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A socially inclusive and holistic model for those targeted by welfare reform
journal contributionposted on 06.12.2017, 00:00 authored by Roslyn CameronRoslyn Cameron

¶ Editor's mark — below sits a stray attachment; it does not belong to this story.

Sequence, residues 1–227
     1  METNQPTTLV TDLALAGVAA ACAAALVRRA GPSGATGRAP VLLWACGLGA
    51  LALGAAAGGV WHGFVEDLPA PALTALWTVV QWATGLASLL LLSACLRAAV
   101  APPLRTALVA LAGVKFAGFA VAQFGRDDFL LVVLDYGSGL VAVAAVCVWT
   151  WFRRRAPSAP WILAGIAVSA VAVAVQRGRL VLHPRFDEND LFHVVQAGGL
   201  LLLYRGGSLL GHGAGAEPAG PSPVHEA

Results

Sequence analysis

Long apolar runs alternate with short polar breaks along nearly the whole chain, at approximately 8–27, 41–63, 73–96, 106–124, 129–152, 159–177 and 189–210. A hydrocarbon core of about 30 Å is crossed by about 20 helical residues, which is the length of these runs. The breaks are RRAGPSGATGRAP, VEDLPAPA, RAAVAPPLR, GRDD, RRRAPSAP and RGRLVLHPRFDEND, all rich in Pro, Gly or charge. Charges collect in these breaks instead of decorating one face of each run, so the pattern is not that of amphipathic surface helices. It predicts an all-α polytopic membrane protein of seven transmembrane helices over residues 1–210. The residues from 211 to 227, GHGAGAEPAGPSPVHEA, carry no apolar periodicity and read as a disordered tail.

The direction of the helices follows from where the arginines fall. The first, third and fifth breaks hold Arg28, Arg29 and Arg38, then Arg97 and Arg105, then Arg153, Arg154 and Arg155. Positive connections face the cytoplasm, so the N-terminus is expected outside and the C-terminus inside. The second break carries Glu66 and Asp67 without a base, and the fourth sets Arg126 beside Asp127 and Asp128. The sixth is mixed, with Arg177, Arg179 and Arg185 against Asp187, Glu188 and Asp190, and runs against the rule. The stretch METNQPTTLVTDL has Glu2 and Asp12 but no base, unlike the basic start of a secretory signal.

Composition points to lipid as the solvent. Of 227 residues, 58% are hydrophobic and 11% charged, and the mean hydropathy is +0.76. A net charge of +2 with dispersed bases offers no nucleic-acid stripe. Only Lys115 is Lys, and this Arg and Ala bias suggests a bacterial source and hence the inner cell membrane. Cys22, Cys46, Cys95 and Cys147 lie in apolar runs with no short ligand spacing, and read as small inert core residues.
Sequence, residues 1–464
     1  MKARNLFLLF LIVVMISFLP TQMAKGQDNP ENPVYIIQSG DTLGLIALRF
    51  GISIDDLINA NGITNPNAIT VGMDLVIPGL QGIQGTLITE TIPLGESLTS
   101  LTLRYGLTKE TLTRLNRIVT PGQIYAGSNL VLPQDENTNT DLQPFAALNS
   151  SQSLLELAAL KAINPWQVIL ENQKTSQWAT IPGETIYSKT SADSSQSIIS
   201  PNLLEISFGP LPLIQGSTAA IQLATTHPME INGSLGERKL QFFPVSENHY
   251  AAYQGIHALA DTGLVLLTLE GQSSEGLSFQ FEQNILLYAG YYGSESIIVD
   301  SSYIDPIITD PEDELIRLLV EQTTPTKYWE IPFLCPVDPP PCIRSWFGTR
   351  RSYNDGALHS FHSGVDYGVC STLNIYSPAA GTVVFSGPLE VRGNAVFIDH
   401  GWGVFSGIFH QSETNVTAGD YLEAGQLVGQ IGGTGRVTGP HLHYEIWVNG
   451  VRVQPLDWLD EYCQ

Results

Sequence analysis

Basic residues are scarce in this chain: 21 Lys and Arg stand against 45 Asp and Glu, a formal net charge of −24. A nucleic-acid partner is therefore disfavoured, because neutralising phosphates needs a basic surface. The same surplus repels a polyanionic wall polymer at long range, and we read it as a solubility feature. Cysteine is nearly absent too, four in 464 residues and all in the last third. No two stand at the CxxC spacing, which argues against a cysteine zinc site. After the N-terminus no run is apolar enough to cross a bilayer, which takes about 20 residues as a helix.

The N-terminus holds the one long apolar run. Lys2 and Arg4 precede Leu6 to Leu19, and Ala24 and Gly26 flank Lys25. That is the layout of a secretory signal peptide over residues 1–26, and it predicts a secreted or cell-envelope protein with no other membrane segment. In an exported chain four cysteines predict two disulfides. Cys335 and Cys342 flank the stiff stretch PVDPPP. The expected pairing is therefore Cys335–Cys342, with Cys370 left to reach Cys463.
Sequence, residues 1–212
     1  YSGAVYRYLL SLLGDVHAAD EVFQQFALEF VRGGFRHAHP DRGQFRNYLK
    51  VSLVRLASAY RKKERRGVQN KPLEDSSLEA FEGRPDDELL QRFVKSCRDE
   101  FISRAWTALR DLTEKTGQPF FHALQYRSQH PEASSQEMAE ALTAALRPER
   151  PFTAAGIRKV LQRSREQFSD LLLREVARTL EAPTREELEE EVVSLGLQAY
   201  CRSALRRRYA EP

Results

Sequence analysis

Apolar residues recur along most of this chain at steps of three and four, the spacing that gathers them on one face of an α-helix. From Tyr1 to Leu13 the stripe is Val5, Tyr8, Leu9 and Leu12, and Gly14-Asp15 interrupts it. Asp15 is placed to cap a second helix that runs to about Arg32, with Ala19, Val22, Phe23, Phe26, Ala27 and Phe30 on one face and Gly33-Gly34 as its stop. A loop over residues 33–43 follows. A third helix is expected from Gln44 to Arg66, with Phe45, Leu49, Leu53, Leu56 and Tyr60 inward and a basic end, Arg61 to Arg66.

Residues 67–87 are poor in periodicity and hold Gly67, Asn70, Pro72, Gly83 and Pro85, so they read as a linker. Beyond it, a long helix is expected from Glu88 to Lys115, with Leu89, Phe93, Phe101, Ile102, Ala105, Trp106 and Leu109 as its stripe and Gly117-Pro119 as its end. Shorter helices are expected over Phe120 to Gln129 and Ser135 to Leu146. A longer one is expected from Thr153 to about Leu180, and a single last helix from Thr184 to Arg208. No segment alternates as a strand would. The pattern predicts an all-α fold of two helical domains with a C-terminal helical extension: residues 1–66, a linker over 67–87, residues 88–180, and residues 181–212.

Purpose of the research/paper: The purpose of this research was to develop a socially inclusive and holistic model for career and learning transition for those considered disadvantaged within the labour market and/or disengaged from formal learning. Methodology: The research utilises a sequential mixed model research design which consists of two phases. Phase one of the research involved a Learning Survey of approximately 250 labour market program (LMP) participants in which quantitative data analysis techniques were used. Phase two involved the development of the model and its testing in the field. A formative evaluation of the model in the field was undertaken and utilised a combination of both qualitative and quantitative data collection and analysis. Findings: The research developed a socially inclusive and holistic model for those targeted by welfare reform. The model has wider applications and could be tested in the future with those groups experiencing retrenchment, outplacement, post injury rehabilitation, re-skilling and major career and employment changes. Implications for theory: The research design provides an example of the utilisation of a mixed methods research design and presents a model with an interdisciplinary theoretical framework. Implications for practice: The research is significant in terms of recent Australian welfare reform where specific groups of welfare recipients are being targeted to enter/re-enter the paid workforce. The research resulted in the development of a socially inclusive and holistic model designed to assist in the developmental processes associated with building the individual efficacy and capacity needed to navigate the welfare to work transitions expected of these target groups. Value of the paper: The research informs welfare reform policy and practice and would be valuable to organisations and practitioners involved in the delivery of Labour Market Programs. The paper may also be of value to HRM practitioners involved in the human resource management functions related to redundancy, out placement, rehabilitation and reskilling. The paper also provides researchers with an example of a mixed methods research study.